“I’m never going to win anything again.”
That was the sentiment of “Buddy the Sailor” — otherwise known as Mitch Gillen — when he paused to be photographed with Philly Pretzel Factory owner Phil Agnello and others after winning the hot dog eating contest which was part of the store’s first anniversary celebration July 7.
Gillen, a soldier at Fort Hood, proved to be something to watch during the competition. A bit of a pro at such contests, he has a definite style. Wearing his signature sailor hat, he’s participated in pancake and ice cream eating contests — even one involving sheep brain tacos for a Halloween event.
Bottles of ketchup and cups filled with water were available. One contestant bought some of Philly Pretzel Factory’s dipping cheese to use with his dogs.
Like some of the other competitors, when the plates heaped with 10 full-size pretzel dogs were placed on the picnic table, Gillen used a technique which involved separating the meat from the pretzel shell, eating the hot dog while soaking the pretzel in water.
Of the eight entered in the first round, a few had previous experience with eating contests.
Ronnie Dy, originally from Oklahoma and stationed at Fort Hood, had previously participated in a chocolate milk drinking competition.
Ian Vertefeuille of Copperas Cove actually left his daughter’s sixth birthday party to participate in the contest. “I’ve been in a pie eating contest before,” he said.
Madison Garner, a first timer and the only female in the contest, did it for fun.
The initial round lasted 10 minutes. During that time, some of the competitors ate five hot dogs, while Gillen consumed seven.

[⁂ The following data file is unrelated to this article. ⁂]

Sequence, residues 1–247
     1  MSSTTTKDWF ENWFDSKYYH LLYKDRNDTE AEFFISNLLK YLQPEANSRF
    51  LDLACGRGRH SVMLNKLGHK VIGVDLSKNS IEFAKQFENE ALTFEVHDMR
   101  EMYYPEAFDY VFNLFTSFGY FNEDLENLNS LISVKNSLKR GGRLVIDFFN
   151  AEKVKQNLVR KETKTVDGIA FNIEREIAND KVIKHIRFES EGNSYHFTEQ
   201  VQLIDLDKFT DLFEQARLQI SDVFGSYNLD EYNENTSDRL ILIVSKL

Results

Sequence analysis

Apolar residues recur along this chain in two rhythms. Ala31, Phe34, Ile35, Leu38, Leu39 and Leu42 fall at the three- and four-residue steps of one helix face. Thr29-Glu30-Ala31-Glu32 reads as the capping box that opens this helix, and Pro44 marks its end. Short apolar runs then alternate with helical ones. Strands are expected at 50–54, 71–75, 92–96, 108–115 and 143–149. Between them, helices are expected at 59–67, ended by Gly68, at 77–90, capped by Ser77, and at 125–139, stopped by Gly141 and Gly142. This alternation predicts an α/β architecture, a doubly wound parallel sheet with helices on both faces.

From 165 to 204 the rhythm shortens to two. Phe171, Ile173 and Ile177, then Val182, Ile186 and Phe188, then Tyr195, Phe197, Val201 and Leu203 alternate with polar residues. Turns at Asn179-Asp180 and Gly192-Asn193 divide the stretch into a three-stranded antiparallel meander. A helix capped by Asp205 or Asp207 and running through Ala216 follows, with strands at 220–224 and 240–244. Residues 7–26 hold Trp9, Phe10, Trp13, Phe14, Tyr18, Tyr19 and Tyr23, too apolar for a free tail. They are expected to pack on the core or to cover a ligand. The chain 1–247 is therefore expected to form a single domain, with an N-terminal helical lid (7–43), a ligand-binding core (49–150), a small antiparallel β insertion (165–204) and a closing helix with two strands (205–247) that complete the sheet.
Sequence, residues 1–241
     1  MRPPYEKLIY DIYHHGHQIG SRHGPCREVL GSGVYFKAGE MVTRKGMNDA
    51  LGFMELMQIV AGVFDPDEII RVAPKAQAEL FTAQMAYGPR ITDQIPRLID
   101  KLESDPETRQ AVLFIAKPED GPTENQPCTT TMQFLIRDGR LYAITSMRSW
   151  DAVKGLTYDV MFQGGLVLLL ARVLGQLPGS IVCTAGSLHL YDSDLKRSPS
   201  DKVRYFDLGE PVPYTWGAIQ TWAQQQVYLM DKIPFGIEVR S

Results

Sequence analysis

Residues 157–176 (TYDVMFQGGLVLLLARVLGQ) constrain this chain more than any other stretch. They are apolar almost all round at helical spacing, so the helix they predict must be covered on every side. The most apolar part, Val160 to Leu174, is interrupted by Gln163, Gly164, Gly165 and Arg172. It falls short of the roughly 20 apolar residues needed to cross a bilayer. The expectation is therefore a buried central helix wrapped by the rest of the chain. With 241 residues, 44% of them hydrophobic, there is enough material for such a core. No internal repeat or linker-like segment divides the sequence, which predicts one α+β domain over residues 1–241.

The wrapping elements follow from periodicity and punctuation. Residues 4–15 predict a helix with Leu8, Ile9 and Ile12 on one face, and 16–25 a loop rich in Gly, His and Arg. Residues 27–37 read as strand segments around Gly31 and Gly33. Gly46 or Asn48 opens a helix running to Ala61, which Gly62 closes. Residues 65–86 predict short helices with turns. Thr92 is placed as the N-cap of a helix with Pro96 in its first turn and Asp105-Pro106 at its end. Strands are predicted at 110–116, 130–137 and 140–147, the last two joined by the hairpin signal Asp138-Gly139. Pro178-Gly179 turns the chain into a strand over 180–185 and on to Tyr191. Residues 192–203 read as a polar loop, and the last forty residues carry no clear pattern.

As Agnello told them when explaining the rules, “Whatever you want to do to eat it” was acceptable.
Four judges observed the process, and as each hot dog was eaten, numbered sheets stapled to the back of the picnic benches were pulled off to keep the tally accurate.
Gillen, along with Vertefeuille, proceeded to the second round.
The third finalist was Travis Daniels, who was encouraged to participate by his wife, Christine.
“I get him to enter all kinds of stuff,” Christine said.
With $250 for first prize, the two-minute round elapsed quickly. Gillen still managed to eat three pretzel dogs. Vertefeuille and Daniels were impressed.
Both Gillen and second-place winner Vertefeuille received trophies. Many of the contest’s observers took advantage of free pretzels and drinks as part of the celebration.
Philly Pretzel Factory is located at 2990 U.S. Highway 190, in the same building as the H-E-B.
Agnello hopes to make the hot dog eating contest an annual event on the store’s anniversary.